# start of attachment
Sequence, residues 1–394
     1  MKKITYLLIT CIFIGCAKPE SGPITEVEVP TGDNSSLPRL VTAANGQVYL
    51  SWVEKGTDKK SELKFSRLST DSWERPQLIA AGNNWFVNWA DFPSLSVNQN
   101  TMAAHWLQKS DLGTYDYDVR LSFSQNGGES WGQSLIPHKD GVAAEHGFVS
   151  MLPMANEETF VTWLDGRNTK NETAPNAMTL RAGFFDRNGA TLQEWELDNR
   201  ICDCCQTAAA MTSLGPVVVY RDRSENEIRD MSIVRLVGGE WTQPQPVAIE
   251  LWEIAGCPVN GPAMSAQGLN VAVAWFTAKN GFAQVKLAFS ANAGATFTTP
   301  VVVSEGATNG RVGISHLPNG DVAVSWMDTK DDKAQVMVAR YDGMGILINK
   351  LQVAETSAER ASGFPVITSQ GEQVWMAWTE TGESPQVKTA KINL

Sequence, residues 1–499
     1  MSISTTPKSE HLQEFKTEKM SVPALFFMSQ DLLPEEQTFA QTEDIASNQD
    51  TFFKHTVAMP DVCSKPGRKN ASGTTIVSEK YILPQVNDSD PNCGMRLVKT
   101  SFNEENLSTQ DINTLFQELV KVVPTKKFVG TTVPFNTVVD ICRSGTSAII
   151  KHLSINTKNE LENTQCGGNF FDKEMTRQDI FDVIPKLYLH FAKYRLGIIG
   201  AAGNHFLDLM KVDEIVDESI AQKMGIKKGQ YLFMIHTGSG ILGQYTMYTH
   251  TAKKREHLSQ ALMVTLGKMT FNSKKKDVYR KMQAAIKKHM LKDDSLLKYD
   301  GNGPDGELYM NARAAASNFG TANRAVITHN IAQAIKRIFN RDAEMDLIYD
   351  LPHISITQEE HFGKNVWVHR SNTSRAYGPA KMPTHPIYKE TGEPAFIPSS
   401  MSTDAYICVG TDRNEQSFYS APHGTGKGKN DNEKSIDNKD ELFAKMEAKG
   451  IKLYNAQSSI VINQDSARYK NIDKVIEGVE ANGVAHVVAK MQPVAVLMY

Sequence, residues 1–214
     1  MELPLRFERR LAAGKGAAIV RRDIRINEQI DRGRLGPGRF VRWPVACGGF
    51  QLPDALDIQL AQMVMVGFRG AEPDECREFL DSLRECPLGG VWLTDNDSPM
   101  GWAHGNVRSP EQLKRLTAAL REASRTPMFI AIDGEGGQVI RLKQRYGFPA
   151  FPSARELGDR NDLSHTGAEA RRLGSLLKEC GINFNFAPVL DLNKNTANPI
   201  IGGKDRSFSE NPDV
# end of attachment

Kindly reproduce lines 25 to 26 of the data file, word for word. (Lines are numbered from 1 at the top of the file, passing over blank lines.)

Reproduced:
   151  FPSARELGDR NDLSHTGAEA RRLGSLLKEC GINFNFAPVL DLNKNTANPI
   201  IGGKDRSFSE NPDV